09/08/2011 Icons of watchmaking history no.7: Hublot Classique
In our Icons of Watchmaking series, timepiece expert Gisbert L. Brunner gives his opinions on wristwatches with cult status. This week, attention is focused on a modern classic: the Hublot Classique from 1980.
Translated from French, the word hublot means nothing more than small hatch or porthole. Operating under the brand Hublot made it inevitable that the company’s design language revolved around a nautical theme.
Before the Milanese Carlo Crocco founded Hublot in 1980, and brought the first watch to market, he spent three years thoroughly studying the collections of his competitors and coming to the conclusion that a watch should represent something special. The premiere of his first creation showed a distinctive but understated design, with 12 screws around the bezel to garner some attention. These bolts replaced the traditional hour markers, and the watch was only characterised otherwise by the date marker and logo. Another feature of the new brand was the fusion of unusual materials – such as a gold case with rubber strap. What is almost classed as ‘normal’ today was a novelty in the early 1980s.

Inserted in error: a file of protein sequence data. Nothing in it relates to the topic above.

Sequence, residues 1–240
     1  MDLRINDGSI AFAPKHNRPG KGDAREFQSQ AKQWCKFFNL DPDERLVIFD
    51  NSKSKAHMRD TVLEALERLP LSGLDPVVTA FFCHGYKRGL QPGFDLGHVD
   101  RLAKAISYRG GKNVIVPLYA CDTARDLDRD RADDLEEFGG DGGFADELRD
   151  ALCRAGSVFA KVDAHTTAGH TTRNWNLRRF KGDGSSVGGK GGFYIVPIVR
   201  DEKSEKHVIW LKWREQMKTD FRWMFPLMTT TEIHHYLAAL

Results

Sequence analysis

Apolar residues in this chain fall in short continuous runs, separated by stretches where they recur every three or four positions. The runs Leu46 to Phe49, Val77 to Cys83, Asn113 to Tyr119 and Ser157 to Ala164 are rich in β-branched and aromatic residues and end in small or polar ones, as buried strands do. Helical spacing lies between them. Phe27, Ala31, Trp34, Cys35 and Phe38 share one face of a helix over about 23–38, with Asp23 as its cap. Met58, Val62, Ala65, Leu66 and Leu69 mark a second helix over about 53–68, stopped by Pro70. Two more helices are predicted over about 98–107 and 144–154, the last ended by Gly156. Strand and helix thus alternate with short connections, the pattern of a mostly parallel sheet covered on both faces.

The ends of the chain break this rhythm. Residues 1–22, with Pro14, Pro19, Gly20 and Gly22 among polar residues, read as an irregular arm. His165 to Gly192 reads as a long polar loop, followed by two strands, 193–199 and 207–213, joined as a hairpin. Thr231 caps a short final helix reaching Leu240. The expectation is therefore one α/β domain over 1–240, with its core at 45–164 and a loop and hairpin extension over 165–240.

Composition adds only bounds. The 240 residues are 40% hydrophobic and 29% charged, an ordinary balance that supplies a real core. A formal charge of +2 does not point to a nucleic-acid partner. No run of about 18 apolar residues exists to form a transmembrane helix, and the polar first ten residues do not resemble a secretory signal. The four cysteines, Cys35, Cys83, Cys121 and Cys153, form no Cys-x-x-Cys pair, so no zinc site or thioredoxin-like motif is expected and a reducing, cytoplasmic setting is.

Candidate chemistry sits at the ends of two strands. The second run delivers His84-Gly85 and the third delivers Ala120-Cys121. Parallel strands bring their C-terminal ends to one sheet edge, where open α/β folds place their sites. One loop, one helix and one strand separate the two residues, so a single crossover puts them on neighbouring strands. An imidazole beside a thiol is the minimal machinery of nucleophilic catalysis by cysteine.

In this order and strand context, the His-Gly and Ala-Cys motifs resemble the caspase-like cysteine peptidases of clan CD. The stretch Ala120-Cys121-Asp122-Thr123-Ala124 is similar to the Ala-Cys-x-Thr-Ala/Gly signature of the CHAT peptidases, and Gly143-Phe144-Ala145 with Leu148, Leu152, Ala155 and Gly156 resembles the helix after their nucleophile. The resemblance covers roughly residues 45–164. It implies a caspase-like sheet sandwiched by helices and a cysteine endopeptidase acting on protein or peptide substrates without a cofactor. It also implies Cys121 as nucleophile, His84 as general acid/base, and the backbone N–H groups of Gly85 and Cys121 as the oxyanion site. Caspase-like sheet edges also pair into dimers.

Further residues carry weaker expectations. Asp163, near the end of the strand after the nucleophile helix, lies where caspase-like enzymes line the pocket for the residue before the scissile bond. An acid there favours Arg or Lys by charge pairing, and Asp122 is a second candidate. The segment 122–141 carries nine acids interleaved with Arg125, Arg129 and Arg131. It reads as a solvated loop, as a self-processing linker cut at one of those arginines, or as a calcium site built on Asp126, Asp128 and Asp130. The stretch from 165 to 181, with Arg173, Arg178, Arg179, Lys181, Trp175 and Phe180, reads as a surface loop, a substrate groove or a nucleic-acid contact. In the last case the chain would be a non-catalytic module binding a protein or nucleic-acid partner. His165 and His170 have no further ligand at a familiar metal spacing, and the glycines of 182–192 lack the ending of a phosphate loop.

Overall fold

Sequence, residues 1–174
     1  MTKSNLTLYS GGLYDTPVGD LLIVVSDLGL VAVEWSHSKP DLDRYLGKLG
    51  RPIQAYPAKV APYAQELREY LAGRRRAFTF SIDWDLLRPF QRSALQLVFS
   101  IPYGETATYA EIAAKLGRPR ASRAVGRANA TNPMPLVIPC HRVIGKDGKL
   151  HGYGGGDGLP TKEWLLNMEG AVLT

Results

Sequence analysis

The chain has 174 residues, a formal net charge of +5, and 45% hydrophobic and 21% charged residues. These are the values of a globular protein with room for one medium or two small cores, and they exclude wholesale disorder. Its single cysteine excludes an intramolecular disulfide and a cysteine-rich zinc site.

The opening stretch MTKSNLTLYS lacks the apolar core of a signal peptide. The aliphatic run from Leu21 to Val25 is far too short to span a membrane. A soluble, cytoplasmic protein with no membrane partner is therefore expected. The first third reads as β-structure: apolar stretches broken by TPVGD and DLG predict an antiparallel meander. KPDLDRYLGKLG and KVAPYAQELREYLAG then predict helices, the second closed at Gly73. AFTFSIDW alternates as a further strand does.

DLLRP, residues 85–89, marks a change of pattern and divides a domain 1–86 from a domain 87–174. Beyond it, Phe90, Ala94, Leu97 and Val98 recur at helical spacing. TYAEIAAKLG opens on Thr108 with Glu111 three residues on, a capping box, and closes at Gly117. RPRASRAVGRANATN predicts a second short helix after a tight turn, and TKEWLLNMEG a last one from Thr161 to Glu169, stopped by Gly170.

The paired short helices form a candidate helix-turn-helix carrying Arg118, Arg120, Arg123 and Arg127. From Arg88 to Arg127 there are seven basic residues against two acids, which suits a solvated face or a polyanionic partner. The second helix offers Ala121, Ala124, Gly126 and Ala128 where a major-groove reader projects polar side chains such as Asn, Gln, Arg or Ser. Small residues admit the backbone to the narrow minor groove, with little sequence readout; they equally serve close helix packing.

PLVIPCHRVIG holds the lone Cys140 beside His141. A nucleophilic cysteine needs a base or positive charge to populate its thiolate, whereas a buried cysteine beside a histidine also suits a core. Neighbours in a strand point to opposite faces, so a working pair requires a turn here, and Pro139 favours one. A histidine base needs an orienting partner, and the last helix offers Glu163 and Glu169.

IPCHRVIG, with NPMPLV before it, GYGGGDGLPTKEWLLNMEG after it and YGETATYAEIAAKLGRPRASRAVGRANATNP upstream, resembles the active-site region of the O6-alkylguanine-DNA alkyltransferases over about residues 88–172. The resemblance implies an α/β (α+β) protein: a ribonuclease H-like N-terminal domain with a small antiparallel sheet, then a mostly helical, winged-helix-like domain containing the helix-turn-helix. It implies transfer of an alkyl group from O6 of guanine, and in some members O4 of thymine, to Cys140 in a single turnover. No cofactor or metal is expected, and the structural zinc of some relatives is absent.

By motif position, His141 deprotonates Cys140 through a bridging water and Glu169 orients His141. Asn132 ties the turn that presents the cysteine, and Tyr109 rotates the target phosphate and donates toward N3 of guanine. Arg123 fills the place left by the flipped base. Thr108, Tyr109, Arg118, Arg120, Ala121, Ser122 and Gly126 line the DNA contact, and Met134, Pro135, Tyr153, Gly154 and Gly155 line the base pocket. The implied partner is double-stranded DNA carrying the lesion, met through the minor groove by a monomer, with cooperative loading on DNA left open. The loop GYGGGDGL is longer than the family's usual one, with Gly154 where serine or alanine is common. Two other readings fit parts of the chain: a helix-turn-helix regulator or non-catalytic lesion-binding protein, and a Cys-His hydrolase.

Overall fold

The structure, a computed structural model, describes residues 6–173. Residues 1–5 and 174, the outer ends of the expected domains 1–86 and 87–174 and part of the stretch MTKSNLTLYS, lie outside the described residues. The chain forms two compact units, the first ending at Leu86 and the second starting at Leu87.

The timeless design of Hublot watches mean they remain popular in modern culture, especially in the Iberian Peninsula. This is particularly true in Spain, where the Spanish King and his son both wear a Hublot when sailing. The King also presents a chronograph to the winner of each category in the Copa del Rey sailing competition, of which Hublot is the official timekeeper. Under the auspices of well-known CEO Jean-Claude Biver – who previously resurrected Blancpain and Omega – the company has experienced an unprecedented boom in sales. To honour Hublot’s history, he decided that the Classique series should “resurrect classic fusion”.